CS303: Design and Analysis of Algorithms (Spring 2008)

Most recent message posted: 05/14


The grading scale is given here. These are not curves or class percentages, but your percentages. For instance, if the weighted average percentage of your grades is 54%, then you get at least a B. If the final exam turns out to be very difficult, this scale may become a little nicer. It will not become tougher.

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Homework will be assigned roughly once per week, and graded. Of all assignments, the two worst ones will be dropped in calculating your grades. Homeworks are due in class on the date specified. Each student can submit up to 3 homeworks up to one day late. Late submissions should be made to the TA or instructor in office hours, no later than noon on the day after the due date. Submissions more than 24 hours late will not be accepted. Once 3 homeworks have been submitted late, subsequent late submissions will not be accepted.

Course Overview, Syllabus, Textbook, Prerequisites

The course is intended as a first undergraduate course in the design and analysis of algorithms. It will cover basic algorithm design techniques, runtime analysis, correctness proofs, and specific algorithms with an emphasis on graph algorithms. It will also cover the limits of computation: problems which cannot be solved efficiently, and problems which cannot be solved with a computer, never mind the amount of time allowed.

The textbook is

Additional useful information (and often, better explanations) can be found in:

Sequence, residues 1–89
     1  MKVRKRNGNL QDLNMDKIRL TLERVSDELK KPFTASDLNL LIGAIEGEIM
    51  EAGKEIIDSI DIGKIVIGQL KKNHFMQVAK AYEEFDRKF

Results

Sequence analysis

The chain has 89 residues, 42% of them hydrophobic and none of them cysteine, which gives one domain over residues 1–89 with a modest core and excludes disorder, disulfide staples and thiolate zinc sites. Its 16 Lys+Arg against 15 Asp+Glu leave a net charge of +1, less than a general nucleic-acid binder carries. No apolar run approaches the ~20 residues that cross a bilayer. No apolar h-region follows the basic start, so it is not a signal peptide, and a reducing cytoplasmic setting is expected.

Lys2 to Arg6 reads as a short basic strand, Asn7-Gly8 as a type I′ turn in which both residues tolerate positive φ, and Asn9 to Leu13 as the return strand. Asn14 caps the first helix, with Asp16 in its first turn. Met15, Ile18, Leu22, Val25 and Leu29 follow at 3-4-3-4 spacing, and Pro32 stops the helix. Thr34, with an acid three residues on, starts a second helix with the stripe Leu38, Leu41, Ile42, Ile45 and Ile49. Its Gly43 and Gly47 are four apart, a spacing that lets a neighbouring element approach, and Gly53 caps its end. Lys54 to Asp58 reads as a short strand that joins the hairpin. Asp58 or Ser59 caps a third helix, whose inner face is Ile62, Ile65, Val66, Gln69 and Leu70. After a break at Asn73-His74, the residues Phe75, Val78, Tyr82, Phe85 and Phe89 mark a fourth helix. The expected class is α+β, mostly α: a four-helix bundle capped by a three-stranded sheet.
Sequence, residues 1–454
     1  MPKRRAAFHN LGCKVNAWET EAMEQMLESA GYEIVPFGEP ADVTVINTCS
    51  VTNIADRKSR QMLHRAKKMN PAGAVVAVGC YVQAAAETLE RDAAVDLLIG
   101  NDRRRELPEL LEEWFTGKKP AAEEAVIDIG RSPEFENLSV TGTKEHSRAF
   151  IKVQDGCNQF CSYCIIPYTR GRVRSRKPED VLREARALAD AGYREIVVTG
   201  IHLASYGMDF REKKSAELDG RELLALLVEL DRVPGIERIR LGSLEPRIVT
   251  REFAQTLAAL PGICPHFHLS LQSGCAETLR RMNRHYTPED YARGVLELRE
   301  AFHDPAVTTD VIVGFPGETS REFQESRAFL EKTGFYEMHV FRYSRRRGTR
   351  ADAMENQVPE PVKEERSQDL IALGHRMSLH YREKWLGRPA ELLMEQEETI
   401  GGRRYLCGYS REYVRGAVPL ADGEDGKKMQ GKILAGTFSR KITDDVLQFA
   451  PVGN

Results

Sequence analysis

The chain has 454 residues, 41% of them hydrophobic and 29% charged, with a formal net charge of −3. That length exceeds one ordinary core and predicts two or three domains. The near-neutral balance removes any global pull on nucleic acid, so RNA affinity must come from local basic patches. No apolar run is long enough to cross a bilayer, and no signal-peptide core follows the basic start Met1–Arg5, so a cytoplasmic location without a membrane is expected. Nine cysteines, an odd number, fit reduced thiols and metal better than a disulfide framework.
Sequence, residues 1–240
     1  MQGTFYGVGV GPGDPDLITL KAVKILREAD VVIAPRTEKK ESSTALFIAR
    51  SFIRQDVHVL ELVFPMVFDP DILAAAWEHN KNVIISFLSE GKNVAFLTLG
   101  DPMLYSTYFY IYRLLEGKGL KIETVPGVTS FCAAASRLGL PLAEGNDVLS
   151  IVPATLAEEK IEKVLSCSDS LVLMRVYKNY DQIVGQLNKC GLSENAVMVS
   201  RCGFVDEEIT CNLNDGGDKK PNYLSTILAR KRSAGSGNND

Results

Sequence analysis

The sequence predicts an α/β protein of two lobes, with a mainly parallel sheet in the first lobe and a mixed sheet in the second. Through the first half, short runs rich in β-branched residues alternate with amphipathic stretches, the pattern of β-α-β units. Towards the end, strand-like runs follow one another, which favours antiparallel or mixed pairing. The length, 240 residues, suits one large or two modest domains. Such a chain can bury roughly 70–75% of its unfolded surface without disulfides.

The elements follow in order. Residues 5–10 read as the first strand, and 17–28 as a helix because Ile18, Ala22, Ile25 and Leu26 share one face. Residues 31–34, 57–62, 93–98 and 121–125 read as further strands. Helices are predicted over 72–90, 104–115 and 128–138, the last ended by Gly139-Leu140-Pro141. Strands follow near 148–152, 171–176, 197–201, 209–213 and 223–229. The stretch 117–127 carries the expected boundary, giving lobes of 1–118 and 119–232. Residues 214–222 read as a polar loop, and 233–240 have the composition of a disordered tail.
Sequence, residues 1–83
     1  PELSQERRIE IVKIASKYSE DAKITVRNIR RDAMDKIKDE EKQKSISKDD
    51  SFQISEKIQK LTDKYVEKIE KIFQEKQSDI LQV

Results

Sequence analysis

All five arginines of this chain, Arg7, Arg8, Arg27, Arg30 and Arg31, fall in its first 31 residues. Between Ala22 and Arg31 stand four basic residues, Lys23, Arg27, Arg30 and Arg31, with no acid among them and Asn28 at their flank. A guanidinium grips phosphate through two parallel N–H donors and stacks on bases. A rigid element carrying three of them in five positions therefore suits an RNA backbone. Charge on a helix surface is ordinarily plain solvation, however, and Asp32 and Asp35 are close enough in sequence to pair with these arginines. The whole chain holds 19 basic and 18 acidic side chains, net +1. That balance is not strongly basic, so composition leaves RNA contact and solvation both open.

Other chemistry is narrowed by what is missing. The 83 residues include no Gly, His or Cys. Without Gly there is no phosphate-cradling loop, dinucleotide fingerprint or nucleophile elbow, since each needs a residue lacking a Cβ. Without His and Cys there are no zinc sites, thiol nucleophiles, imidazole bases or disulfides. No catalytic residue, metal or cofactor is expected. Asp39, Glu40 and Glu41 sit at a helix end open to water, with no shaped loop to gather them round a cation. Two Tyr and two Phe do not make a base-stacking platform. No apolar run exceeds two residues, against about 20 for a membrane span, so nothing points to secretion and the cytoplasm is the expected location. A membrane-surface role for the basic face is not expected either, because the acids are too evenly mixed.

The (rough) syllabus for the course is as follows. Topics may be added or removed depending on available time:

  1. Introduction: Insertion Sort [from Chapters 1,2]
  2. Runtime Analysis and Big-O Notation [Chapter 3]
  3. Graph Algorithms: Breadth-First Search, Depth-First Search, Topological Sort, Shortest Paths (Dijkstra), Minimum Spanning Trees (Kruskal, Prim) [from Chapters 22-24]
  4. Divide&Conquer and Recurrences: Merge Sort, Binary Search, Integer Multiplication, Strassen's Algorithm, Order Statistics [from Chapters 1, 4, 9, 28]
  5. Dynamic Programming [Chapter 15]
  6. Limits of Computation: Theory of Computability [not in CLRS]
  7. Limits of Efficient Computation: Theory of NP-Completeness [Chapter 34]
  8. Lower Bounds: Sorting [from Chapter 8]
  9. Time Permitting: Number-theoretic algorithms and RSA [Chapter 31]

Academic Integrity, Collaboration

All students are expected to maintain the utmost level of academic integrity. Any attempts to cheat will lead to appropriate sanctions. Please consult the USC Student Conduct Code (general overview) for details on what is and is not appropriate, and for the possible consequences of infractions.

Homeworks should be solved mostly individually. Asking classmates for small hints is ok. For bigger hints, ask the TA or instructor. Substantial collaboration, in particular in writing up solutions or during programming assignment, is not appropriate. Nor is of course copying classmates' solutions. It is also never appropriate to search for solutions online and try to pass them off as your own work.